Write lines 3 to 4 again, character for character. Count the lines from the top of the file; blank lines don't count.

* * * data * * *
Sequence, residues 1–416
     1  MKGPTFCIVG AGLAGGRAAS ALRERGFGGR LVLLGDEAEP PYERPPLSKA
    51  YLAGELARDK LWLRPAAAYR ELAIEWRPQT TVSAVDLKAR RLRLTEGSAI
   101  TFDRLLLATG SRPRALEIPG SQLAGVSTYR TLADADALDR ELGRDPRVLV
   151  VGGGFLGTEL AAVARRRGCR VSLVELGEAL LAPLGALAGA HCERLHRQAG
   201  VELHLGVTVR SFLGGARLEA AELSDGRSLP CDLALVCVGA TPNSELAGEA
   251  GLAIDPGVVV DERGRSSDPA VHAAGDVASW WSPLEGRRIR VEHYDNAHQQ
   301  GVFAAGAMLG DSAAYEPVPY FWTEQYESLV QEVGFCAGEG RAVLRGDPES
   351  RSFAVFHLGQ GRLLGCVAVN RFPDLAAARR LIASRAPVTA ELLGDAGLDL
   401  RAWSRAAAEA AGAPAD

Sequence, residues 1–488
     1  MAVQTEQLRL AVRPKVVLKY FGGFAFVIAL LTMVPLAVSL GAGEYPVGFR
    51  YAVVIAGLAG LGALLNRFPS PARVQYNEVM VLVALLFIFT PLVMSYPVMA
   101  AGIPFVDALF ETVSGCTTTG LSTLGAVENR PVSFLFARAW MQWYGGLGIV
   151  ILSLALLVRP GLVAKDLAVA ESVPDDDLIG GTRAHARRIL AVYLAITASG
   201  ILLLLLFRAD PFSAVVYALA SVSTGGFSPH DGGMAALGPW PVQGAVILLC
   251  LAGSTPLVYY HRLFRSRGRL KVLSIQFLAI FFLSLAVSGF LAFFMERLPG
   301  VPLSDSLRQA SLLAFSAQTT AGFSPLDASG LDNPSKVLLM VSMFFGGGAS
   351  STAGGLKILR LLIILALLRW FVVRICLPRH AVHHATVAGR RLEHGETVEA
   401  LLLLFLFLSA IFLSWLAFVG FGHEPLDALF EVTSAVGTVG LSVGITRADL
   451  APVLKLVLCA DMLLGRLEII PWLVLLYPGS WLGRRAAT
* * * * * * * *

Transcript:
    51  YLAGELARDK LWLRPAAAYR ELAIEWRPQT TVSAVDLKAR RLRLTEGSAI
   101  TFDRLLLATG SRPRALEIPG SQLAGVSTYR TLADADALDR ELGRDPRVLV